A catchy campaign visual is nothing without a spot-on tagline to go with it. A book without a cover is unlikely to sell like hot cakes. And a recipe without a photo won’t make mouths water. Text enhances images, images enhance text.
About two centuries ago, French linguist slash Egyptologist Jean-François Champollion barged into his brother’s office. He dumped a stack of documents onto his sibling’s desk, exclaimed “I did it!” and then promptly fainted. Understandable, really, because Champollion had discovered that Ancient Egyptian hieroglyphs are not just phonograms that express sounds: many of them also represent entire concepts. Characters like this are called logograms and are still in use today in the Chinese and Japanese writing systems. They offer the rest of the world interesting insights into the direct relationship between text and image. Because in comparison, the 26 or so letters of the Roman alphabet are empty shells without any inherent meaning. Sure: a yellow ‘M’ stands for “make a quick detour to grab a Big Mac” and a white ‘f’ in a blue circle triggers our thumb’s scroll-and-like reflex. But that’s a different story.
Back to the present. Due to the rapid development of the internet and social media, people these days are used to processing information at breakneck speed. We’re fed a smörgåsbord of text and image everywhere we go – sometimes voluntarily, sometimes ad nauseam. There’s always someone ranting about the latest Daily Mail article they read, or about some obscure company trying to sell you toothpaste with bacon flavour. We’ve turned into a nation of compulsive ‘swipers’: anything that doesn’t catch our attention from the very first second is mercilessly scrolled past and ignored. Because of the amount of data we’re forced to process, our viewing and reading habits have changed completely. These days, we instantly want to know what a story is about. That’s where images come into the frame.
And lead us not into temptation
Stunning photos and amusing illustrations grab our attention. The next thing you know, some content creator somewhere has earned another click as we hungrily scroll on to find out more. We may be adults, but our behaviour is remarkably childlike: we first want to look at the pictures, and we’ll only read on if we like what we see. Images, in other words, act to seduce us. They are the number-one medium that can evoke strong emotions in an instant. Our new way of seeing the world has made us eager for that immediacy. A certain type of image in particular is almost guaranteed to appeal to us: high-contrast and razor-sharp photos of someone looking straight at us, in bright and saturated colours… Just take a closer look at some of Netflix’ visuals. They’re almost surreal, but they do exactly what images are supposed to do: grab our attention and make us want more.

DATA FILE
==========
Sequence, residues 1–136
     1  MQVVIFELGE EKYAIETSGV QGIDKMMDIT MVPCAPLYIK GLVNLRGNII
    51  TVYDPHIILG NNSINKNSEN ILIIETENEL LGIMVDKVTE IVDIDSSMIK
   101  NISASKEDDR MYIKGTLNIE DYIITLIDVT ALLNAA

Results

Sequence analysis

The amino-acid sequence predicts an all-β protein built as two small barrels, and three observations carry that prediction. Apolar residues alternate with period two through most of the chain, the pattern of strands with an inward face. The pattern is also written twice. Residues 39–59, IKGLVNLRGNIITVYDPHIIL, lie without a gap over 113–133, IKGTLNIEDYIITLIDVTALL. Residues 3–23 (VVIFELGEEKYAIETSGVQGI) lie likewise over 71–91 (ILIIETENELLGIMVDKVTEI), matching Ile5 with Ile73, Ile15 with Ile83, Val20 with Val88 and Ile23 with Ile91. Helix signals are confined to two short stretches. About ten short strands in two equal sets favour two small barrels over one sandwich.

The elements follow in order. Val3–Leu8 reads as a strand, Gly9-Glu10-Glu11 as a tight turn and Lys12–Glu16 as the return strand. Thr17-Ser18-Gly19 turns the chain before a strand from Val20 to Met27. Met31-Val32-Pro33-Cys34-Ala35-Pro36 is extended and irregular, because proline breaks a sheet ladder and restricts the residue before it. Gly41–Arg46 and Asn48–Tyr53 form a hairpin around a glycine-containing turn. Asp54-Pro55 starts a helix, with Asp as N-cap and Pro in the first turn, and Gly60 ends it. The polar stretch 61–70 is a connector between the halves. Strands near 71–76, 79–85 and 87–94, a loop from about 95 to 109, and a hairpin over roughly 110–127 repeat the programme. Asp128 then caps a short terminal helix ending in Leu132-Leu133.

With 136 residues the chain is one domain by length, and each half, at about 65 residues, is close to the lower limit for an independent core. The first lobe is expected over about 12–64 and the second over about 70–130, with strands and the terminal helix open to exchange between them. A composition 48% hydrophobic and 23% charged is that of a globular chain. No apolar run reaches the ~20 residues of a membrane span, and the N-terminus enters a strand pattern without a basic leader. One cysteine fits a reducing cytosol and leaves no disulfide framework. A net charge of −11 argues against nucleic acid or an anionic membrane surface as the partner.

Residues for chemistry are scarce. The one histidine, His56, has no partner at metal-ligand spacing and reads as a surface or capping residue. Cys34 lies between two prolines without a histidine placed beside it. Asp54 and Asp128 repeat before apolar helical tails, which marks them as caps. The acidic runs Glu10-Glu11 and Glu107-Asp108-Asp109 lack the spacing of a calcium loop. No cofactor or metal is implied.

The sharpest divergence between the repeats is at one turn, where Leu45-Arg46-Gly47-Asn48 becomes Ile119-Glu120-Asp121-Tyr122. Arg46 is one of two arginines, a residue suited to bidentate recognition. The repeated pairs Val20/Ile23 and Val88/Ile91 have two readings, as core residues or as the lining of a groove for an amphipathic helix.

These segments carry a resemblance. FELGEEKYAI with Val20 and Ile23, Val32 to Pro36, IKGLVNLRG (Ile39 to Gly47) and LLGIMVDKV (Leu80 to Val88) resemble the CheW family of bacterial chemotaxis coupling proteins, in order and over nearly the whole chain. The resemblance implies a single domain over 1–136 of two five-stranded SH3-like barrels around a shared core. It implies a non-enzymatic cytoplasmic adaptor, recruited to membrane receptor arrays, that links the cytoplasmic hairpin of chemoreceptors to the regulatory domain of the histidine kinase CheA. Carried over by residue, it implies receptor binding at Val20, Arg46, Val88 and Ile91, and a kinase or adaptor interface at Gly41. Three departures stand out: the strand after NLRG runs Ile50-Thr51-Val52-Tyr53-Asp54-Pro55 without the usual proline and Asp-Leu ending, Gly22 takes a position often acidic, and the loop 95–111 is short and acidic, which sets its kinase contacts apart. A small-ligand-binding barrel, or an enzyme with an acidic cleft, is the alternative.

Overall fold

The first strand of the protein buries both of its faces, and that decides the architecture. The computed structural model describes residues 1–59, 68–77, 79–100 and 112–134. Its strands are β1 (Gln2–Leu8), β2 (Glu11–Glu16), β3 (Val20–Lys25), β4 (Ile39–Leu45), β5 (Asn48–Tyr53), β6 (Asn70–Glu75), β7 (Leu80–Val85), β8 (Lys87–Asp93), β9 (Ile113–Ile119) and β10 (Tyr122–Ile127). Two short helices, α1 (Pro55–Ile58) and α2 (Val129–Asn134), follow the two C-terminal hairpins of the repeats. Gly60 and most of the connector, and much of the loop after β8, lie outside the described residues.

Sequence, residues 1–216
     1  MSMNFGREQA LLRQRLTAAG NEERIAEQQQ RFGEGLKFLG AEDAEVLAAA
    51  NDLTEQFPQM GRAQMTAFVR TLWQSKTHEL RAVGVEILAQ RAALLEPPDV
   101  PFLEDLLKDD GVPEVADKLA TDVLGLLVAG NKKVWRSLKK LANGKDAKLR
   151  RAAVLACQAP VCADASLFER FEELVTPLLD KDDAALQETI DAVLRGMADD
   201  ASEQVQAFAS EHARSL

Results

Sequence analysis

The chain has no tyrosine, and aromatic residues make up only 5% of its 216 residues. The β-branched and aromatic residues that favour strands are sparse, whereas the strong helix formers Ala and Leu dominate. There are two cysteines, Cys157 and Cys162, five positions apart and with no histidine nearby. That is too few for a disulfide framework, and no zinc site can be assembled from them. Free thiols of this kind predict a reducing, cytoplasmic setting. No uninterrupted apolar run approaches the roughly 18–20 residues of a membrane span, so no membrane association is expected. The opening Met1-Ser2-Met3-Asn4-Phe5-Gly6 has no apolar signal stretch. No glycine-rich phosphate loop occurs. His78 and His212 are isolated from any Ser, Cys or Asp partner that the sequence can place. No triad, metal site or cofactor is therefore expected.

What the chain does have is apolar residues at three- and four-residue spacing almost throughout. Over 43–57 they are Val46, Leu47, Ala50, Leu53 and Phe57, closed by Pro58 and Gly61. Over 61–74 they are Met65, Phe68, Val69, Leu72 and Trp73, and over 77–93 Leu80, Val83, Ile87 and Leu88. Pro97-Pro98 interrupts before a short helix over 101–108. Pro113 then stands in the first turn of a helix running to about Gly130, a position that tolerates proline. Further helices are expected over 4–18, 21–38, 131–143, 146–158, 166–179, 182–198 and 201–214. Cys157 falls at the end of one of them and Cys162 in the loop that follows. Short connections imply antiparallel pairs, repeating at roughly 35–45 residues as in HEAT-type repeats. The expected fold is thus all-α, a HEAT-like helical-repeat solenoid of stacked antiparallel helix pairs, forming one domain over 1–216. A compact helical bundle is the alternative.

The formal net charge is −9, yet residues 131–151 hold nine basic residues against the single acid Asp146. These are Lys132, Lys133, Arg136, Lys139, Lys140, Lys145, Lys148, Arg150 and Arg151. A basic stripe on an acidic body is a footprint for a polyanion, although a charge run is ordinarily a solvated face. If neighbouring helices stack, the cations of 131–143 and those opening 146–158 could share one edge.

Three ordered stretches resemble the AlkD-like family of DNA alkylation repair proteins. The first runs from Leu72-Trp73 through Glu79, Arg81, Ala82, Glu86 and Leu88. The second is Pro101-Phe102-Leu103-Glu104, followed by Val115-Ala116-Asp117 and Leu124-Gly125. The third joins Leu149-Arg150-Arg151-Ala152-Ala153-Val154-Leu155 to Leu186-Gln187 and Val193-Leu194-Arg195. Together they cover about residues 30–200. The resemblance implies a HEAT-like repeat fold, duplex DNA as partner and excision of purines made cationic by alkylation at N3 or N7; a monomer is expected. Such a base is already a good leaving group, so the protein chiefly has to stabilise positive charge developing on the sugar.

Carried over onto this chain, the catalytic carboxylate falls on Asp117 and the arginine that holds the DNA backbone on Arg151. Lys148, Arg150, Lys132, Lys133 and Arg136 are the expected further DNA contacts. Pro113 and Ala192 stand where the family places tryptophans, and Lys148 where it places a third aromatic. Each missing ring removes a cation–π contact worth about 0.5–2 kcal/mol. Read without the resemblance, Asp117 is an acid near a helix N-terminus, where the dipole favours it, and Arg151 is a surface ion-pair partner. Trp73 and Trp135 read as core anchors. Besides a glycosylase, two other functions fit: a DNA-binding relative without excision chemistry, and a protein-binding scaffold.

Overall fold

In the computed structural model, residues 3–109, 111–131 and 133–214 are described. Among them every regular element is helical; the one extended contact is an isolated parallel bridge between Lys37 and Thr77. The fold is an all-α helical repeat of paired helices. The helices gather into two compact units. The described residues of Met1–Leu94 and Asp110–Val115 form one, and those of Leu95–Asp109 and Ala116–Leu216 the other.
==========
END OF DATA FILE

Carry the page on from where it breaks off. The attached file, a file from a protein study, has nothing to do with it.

While images can touch us deeply, texts can galvanise and convince us. Readers like to feel as if a text is personally addressing them. “Just Do it.” “Because you’re worth it.” Compact phrases like this give us something to strive for and stroke our ego. They’re catchy and loop on repeat in our minds. A great text fulfils the promise of the image it accompanies and, ideally, even adds to it. When we tune in to watch Asia’s Deadliest Snakes, we want to see deadly vipers (preferably while they’re strangling a wild bear or something – even better!). When we click on a newspaper article about yet another B-list celebrity bursting into tears in front of the camera, we want to read the latest gossip. And we want it now! Modern readers instantly want the answer to the who, what, where and how. We also love being presented with neatly packaged conclusions. If we’re not getting enough information, or if what we’re reading feels irrelevant, we feel cheated by clickbait.
Having our cake and eating it: yes, please!
The ideal scenario arises when text and image are in symbiosis. Memes are a perfect example: the punchline of their jokes lies in the witty interplay between text and image. While creating memes isn’t Blue Lines’ main field of work, we do always strive to align our copy with your images. A few tips:
- Not sure whether the image you’ve selected will achieve its goal? Put it to the test. Check how many layers of meaning (positive or negative) you yourself can unearth in the image. In what ways does it speak to you, what does it tell you? Also ask a few others how the image makes them feel.
- Show us your (preliminary) images during our briefing. Or why not go down the Pinterest rabbit hole and create an entire mood board? This lets us work our magic and align our copy with the mood and intentions behind your images.
- Show us examples that fed into and inspired your creative process. That way, we’ll be on the same wavelength from day one.
Oh, and btw
Remember the story of those logograms at the start of our blog post? All of us actually use similar logographic characters on an everyday basis. When we find ourselves unable to capture a feeling in words, or when we want to give our message a certain connotation, we instantly know the solution. Yep: we’re talking about emojis. Here at Blue Lines, however, we solemnly promise never to use them in our copy. Because we pride ourselves on always finding the right words. No matter how nuanced your message may be.